Ukrainian President Volodymyr Zelenskyy said Friday he would be open to negotiating with Russia only if its military retreated to its position from before its invasion.
Zelenskyy made the comment during a meeting Friday at London’s Chatham House think-tank. Ukrainian and Russian officials have previously held peace talks during the war, but negotiations have largely stalled in recent weeks.
If the Russian military returned to its position from Feb. 23, the day before the invasion began, “we will be able to start discussing things normally,” Zelenskyy said.
The comment comes as Russian troops have intensified shelling at the Azovstal steel plant in the besieged port city of Mariupol in recent days, Ukrainian officials have said. However, almost 500 additional civilians were able to evacuate Friday from the plant in the latest humanitarian operation, said Andriy Yermak, head of Ukraine’s presidential office.
Asked Friday about the siege, Zelenskyy said: “Mariupol will never fall. I’m not talking about heroism or anything … There is nothing there to fall apart. It is already devastated.”
There were also concerns over Russia’s plans for Victory Day on Monday, which marks the anniversary of the Soviet Union’s defeat of Nazi Germany in World War II. The Kremlin declined to comment to CNN on whether plans were being made for a parade in Mariupol.
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►The European Union is planning to add Alina Kabaeva, a woman romantically linked to Russian President Vladimir Putin, and Patriarch Kirill, the head of the Russian Orthodox church to its sanctions list, CNN and the Guardian reported.
►First lady Jill Biden will be in Romania on Friday to begin her solo trip to Europe. She plans to meet with refugees Sunday in a small Slovakian village on the border with Ukraine.
►Germany will provide Ukraine with seven powerful self-propelled howitzers as the country steps up its aid of heavy weaponry, the German defense minister said Friday.
►Targeting data provided by the U.S. helped Ukrainian forces sink the Moskva, flagship of the Russian fleet in the Black Sea last month, NBC News reported Thursday, citing unnamed U.S. officials.
►Russia’s military has fired 2,014 missiles on Ukraine and 2,682 flights of Russian warplanes have been recorded in Ukrainian skies, according to Ukrainian President Volodymyr Zelenskyy.
An official from the United Nations’ Food and Agricultural Organization on Friday said there is “anecdotal evidence” that Russian troops were stealing grain from Ukraine.
The accusation comes amid concerns about a growing food crisis due to the war.
About 700,000 tons of grain have disappeared in Ukraine, Josef Schmidhuber, deputy director of FAO’s markets and trade division, said Friday.
“There’s anecdotal evidence that Russian troops have destroyed storage capacity and that they are looting the storage grain that is available,” he said. “They are also stealing farm equipment.”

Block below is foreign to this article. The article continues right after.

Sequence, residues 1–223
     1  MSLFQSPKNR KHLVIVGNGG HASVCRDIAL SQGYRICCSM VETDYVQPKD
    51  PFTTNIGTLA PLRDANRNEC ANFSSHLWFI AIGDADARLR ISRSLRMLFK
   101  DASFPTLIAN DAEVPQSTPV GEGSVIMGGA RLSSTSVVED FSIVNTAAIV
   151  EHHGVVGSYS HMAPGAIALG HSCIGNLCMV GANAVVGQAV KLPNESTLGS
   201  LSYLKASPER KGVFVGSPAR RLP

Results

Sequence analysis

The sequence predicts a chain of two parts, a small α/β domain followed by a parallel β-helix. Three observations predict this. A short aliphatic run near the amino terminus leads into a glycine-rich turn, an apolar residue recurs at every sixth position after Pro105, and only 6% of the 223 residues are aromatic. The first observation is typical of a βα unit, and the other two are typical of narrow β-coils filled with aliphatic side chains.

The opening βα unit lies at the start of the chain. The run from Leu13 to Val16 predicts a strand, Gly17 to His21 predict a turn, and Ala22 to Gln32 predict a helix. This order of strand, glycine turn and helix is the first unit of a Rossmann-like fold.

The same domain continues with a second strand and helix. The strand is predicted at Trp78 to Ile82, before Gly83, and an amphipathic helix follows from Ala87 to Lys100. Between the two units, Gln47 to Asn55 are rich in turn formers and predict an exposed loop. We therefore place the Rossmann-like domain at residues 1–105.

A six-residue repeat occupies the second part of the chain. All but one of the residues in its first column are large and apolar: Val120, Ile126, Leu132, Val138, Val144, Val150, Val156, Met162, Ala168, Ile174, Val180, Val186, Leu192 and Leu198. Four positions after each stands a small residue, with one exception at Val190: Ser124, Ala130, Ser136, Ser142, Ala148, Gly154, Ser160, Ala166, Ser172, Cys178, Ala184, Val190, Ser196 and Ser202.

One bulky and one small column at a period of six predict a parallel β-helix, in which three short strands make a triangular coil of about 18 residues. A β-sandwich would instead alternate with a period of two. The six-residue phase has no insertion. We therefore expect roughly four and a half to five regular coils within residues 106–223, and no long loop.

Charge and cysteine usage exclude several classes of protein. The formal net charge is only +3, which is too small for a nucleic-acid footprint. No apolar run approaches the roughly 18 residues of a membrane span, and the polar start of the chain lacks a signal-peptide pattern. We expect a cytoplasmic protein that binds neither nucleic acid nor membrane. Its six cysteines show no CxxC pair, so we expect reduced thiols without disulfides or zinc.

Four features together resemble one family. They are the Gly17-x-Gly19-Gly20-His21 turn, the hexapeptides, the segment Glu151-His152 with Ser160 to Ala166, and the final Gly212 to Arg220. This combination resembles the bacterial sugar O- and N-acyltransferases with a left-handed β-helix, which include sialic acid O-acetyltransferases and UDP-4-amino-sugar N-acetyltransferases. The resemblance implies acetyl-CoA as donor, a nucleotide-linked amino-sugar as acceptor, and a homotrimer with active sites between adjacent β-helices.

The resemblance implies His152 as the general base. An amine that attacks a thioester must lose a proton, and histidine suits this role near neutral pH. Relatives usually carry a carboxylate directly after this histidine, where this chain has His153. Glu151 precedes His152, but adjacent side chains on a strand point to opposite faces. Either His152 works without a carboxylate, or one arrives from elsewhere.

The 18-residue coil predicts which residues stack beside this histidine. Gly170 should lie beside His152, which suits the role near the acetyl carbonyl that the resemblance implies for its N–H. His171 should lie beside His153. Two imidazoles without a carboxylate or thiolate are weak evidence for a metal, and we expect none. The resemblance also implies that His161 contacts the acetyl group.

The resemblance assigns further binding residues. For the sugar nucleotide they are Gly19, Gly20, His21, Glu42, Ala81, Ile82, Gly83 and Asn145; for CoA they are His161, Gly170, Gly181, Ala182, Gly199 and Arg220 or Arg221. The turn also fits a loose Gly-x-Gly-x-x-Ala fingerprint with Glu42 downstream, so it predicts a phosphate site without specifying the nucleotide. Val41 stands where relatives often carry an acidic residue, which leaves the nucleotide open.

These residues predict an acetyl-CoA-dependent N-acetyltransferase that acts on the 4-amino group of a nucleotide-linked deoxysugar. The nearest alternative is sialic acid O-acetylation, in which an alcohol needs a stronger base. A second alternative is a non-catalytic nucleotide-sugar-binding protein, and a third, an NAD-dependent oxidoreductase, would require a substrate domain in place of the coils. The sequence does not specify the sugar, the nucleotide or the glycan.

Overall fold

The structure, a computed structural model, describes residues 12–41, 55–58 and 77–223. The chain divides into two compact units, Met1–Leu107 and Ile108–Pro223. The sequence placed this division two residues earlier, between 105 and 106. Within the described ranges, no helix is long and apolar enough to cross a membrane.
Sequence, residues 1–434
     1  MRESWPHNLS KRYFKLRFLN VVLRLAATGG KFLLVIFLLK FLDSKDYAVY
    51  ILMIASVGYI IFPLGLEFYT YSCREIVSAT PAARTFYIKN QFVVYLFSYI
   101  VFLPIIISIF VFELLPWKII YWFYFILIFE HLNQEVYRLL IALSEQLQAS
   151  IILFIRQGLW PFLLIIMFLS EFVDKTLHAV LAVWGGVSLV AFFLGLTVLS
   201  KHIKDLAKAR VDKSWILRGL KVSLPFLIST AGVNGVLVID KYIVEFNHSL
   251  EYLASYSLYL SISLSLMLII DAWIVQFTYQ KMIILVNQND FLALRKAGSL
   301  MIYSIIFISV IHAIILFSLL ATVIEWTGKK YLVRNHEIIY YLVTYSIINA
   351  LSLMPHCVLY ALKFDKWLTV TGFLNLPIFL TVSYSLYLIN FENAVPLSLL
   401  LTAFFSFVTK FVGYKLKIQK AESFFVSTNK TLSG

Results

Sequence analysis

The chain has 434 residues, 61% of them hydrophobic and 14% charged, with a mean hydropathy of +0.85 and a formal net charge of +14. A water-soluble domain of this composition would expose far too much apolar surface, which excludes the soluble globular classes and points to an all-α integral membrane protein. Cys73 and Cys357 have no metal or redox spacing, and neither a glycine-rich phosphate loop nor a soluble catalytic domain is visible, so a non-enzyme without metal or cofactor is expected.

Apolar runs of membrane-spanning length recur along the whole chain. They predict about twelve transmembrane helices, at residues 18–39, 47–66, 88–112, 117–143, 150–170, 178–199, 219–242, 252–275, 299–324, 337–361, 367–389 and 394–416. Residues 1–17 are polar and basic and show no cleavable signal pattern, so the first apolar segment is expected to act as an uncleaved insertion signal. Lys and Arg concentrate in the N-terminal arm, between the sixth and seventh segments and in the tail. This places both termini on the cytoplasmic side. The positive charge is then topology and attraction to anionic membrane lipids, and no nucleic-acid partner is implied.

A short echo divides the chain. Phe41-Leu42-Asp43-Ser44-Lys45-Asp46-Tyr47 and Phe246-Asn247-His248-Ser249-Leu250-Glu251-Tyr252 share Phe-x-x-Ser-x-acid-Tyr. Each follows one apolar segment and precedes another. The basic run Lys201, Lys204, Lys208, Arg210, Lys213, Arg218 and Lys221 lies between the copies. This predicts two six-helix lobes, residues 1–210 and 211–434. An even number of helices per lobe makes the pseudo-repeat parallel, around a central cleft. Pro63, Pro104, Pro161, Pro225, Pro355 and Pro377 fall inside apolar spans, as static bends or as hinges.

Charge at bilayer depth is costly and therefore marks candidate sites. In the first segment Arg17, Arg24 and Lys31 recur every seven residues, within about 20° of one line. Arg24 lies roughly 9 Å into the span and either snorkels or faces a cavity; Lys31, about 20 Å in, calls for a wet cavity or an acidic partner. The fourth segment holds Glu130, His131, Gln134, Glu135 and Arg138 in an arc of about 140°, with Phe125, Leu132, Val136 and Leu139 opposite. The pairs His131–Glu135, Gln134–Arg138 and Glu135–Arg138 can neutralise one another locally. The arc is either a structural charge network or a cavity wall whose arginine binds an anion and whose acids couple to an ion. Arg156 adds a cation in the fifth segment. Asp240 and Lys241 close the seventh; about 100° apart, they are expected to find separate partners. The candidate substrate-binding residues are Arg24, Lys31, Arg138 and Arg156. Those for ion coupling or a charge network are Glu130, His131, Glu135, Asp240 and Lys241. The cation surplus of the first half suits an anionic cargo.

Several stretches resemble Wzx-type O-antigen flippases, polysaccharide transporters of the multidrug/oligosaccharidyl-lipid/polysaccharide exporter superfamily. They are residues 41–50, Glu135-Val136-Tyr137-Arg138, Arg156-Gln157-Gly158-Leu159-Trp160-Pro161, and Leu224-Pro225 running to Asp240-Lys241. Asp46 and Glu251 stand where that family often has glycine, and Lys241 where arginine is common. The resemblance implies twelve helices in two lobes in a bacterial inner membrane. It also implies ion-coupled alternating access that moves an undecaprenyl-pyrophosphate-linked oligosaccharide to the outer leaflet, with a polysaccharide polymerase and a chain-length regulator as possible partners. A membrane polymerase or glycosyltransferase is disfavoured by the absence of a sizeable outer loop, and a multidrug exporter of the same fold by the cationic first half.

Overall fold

Ukrainian forces have repelled at least 11 attacks in the Donbas region, destroying Russian tanks and vehicles in the process, the Ukrainian military’s General Staff said in a statement Friday.
Fighting continues in the region, and Russian forces are aiming to take full control of Popasna and resume offensives in Lyman and Siversk, the Ukrainian military said.
However, Ukrainian defense chief Gen. Valerii Zaluzhnyi on Thursday announced a planned counteroffensive to repel Russians from Kharkiv and Izyum. Ukrainian troops have already pushed Russian forces east from Kharkiv in recent days.
Hungarian Prime Minister Viktor Orban on Friday decried the European Union’s proposed ban on Russian oil, comparing the move to dropping an “atomic bomb” on Hungary’s economy.
Orban said his country was willing to negotiate on the latest round of economic sanctions against Russia, but including an embargo on Russian oil could not be accepted.
Hungary relies heavily on Russia for its energy, with about 85% of gas and 60% of oil coming from Russia. Switching to other sources of oil would be too burdensome on Hungary’s economy, Orban said.
“We cannot accept a proposal that ignores this circumstance because in its current form it is equivalent to an atomic bomb dropped on the Hungarian economy,” he added.
Former President George W. Bush said he spoke with Ukrainian President Volodymyr Zelenskyy on Thursday, calling him “the Winston Churchill of our time.”
“I thanked the President for his leadership, his example, and his commitment to liberty, and I saluted the courage of the Ukrainian people,” Bush said in a Twitter post, which included photos of the two men speaking by video link.
“President Zelenskyy assured me that they will not waver in their fight against Putin’s barbarism and thuggery. Americans are inspired by their fortitude and resilience. We will continue to stand with Ukrainians as they stand up for their freedom.”
Contributing: The Associated Press